When a star explodes, you'd expect the process to be messy. But astronomers have found that a star named Cassiopeia A blew itself up in a surprisingly ordered way. Cas A, as it's known, became a sort of cosmic onion, shedding its components into space one layer at a time. The event is helping astronomers piece the star back together and figure out how and why such stellar explosions occur.
Like all massive stars, Cas A once consisted of concentric shells of material. Heavy elements such as iron made up its core, overlain by oxygen, aluminum, and other elements in the middle, and finally hydrogen and helium near the surface. At least that's what computer simulations predicted. Now Cas A's aftermath has confirmed the models.
Located 11,000 light-years away, the star's explosion was close enough to be noticed 300 years ago, and its debris cloud has been expanding ever since. The cloud contains a lot of dust. By mapping the dust and measuring its temperature with the Spitzer Space Telescope's infrared sensors, a team of astronomers at the University of Minnesota in Minneapolis and elsewhere have been able to discern the supernova's composition in unprecedented detail.
As the dust streamed outward, it overtook and collided with the supernova's initial shock wave; this collision heated the dust. The lighter materials from the star's surface hit the shock zone first and therefore have been heating up longer, the team reports 20 November in Astrophysical Journal. The elements present in the star's middle and at its core collided with the shock zone more recently. They are relatively cooler and hence visible only in the infrared.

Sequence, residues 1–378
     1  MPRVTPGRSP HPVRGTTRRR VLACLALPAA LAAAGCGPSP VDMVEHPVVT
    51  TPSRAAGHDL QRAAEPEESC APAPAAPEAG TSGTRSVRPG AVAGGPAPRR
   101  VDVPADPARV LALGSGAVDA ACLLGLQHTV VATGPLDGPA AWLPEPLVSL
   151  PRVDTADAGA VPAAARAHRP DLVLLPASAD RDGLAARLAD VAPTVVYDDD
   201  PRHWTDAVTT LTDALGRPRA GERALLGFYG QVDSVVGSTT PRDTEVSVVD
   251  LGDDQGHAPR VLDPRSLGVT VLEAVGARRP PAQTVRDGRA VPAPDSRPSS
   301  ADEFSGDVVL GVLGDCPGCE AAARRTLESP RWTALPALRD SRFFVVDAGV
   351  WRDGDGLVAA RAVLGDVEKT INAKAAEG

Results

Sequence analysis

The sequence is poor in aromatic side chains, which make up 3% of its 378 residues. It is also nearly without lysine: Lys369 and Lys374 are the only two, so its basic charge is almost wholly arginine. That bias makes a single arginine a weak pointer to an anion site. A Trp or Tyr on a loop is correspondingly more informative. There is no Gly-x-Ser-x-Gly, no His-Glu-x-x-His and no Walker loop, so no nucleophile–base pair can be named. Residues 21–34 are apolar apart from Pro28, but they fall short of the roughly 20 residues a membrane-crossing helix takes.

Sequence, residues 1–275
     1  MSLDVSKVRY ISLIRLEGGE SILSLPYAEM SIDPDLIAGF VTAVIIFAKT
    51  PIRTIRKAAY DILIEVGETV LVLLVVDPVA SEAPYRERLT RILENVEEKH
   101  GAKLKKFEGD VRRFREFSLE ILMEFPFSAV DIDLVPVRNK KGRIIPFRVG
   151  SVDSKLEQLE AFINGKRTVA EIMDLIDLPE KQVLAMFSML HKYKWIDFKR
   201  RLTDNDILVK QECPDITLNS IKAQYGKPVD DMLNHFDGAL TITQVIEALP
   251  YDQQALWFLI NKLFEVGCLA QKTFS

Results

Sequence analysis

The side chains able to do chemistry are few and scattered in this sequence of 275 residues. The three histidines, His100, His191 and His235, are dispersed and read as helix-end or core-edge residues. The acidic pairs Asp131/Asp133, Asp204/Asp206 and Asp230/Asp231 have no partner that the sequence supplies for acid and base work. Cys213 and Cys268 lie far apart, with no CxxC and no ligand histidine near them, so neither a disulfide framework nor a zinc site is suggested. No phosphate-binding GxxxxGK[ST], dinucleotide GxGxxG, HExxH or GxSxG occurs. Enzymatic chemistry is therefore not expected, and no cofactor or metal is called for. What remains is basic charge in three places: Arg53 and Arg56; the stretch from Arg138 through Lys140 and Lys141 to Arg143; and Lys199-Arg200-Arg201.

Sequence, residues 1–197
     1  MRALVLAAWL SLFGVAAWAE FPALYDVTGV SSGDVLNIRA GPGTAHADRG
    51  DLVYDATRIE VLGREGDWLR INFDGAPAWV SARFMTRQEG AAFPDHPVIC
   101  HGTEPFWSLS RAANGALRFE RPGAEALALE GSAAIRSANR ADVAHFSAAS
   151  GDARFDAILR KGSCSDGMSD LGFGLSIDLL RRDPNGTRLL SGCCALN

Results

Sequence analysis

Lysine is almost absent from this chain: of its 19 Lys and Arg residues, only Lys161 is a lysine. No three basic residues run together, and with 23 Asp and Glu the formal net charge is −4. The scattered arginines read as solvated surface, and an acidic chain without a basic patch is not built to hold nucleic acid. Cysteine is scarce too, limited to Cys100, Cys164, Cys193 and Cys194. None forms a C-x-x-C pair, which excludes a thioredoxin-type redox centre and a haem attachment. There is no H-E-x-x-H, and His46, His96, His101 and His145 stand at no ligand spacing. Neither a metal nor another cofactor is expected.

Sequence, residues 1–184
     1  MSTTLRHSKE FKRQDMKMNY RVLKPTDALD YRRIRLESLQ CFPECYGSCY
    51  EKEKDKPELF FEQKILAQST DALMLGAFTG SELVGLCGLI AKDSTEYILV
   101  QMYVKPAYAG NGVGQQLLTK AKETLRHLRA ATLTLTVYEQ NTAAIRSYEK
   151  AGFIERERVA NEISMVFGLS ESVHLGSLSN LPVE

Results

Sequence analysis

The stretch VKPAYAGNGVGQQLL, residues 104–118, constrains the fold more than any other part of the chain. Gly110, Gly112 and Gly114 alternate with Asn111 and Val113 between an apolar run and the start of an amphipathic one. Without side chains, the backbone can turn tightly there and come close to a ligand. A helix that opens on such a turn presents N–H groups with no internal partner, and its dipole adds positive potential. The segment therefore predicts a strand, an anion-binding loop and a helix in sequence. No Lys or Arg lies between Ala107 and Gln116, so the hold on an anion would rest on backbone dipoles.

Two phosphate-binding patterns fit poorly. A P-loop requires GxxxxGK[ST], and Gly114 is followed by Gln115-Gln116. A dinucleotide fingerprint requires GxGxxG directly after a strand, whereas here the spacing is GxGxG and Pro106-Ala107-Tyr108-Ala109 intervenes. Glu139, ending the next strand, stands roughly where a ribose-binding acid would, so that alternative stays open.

Principal investigator Lawrence Rudnick says the findings are giving astronomers their closest view yet of how a star explodes, or goes supernova. These data, he says, will provide researchers with better tools to study how stars burn out and what happens to them after they die.
"It's a neat result" and it tells us a lot about the nature of supernovae, says astrophysicist George Rieke of the Steward Observatory in Tucson, Arizona. He says current star models are highly reliable but studies of stellar explosions are still evolving. "Ultimately, understanding how they explode will show us in detail how supernovae produce all elements heavier than iron," he explains, which means the new observations further the understanding of where planets such as Earth come from.